CLEMI – Hurricane Lamp

1.250,00

The Clemi hurricane lamp is a cylindrical candle holder hand blown in crystal Murano glass on which almost anything can be grinded. The engraving in photo is only an example. The price includes the leaf crown around the object’s rim.

Availability: in stock
Shipment: 14 days
Dimensions: Cm 30 x 20
Materials: Murano Glass with Engraving
Weight 770 g
SKU: CLEMI Category: Tags: , , ,

Description

“This air-purifying candle holder was one of my first projects, dedicated to my beloved nanny Clemi. It’s a large Murano glass cylinder, deliberately oversized so that there was room to engrave my family’s coat-of-arms.”

The candle holder starts life as a clean-lined object in crystal glass, on which you can have engraved whatever is closest to your heart: an emblem, a monogram. a logo, a landscape, a poem – or a symbolic scene like the magnificent Saint George Slaying the Dragon created for the Giorgio Cini Foundation in Venice. Just about the most ambitious and recherché piece Giberto has made was for a present on the occasion of the 2017 Bahrain Grand Prix: a line of racing cars speeding past buildings and palm-trees and waving banners engraved on the glass.

The Designer

The life of Giberto Arrivabene Valenti Gonzaga is viscerally linked to Venice. His childhood memories, the most beautiful, are those that have taken place in the rooms of Palazzo Papadopoli, between frescoes of Tiepolo and family affection. “In my earliest memories Venice had other colours. It was more obscure, dramatic, decayed and deeply romantic – simply beautiful. There wasn’t the same light like there is today – more dazzling perhaps, but less poetic.”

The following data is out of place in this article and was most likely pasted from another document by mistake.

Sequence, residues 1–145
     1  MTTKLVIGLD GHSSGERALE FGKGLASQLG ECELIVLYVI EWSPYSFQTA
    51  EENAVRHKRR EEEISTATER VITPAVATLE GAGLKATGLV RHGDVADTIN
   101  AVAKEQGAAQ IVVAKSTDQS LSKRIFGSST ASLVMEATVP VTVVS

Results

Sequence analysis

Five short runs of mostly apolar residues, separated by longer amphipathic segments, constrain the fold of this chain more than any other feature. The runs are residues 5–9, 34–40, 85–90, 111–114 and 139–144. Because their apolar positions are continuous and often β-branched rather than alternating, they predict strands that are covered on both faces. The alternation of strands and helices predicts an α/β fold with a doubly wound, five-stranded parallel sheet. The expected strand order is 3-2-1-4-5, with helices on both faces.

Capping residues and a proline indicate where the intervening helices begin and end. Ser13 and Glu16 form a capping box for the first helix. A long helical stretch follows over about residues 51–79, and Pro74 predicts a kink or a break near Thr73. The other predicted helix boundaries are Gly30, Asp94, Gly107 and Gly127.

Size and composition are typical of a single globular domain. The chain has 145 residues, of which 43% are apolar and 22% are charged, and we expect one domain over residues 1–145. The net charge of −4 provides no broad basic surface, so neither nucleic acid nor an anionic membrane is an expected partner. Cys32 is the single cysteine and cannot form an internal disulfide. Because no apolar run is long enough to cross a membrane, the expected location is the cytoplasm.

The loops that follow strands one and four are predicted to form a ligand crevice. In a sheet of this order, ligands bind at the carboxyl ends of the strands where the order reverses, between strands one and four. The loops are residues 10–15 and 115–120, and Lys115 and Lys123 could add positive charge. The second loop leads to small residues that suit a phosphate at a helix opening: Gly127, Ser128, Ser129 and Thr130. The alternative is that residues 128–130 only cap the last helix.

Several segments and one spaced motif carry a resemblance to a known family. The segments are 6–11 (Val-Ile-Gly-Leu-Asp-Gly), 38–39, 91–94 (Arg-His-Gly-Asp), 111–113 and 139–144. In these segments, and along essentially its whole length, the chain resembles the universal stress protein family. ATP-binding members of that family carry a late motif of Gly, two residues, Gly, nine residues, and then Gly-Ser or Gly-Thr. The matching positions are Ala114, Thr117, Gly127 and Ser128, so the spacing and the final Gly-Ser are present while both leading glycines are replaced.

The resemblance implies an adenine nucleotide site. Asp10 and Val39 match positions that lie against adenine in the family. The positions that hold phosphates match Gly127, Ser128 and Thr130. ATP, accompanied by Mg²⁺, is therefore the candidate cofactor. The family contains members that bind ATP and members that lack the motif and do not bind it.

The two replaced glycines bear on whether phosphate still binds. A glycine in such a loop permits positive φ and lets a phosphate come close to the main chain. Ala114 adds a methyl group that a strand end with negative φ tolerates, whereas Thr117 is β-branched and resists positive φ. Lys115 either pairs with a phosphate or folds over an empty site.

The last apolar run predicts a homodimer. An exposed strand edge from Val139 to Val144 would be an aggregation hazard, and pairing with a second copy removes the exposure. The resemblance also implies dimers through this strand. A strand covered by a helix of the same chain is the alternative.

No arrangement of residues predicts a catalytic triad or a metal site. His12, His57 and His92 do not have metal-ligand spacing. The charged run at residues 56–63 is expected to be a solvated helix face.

Craftmanship

Each piece derives from a watercolour sketch made by Giberto on tracing paper: “When I see something that inspires me, or an object that I like, I sketch and rework it – then move on to the realization of it.”

The glass, the main material in the collections, is worked exclusively in Murano. Each glass, each specific object, is blown by master glassmakers in the Venetian furnaces.

Giberto takes his watercolours to discuss with them and refine the project, check its feasibility, and to make eventual changes.